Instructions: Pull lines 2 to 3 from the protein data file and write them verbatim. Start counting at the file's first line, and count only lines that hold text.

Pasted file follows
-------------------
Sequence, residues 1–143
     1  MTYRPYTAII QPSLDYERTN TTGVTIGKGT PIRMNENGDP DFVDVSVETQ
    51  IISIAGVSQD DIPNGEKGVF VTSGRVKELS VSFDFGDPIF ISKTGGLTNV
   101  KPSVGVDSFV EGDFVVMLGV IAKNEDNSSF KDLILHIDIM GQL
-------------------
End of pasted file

     1  MTYRPYTAII QPSLDYERTN TTGVTIGKGT PIRMNENGDP DFVDVSVETQ
    51  IISIAGVSQD DIPNGEKGVF VTSGRVKELS VSFDFGDPIF ISKTGGLTNV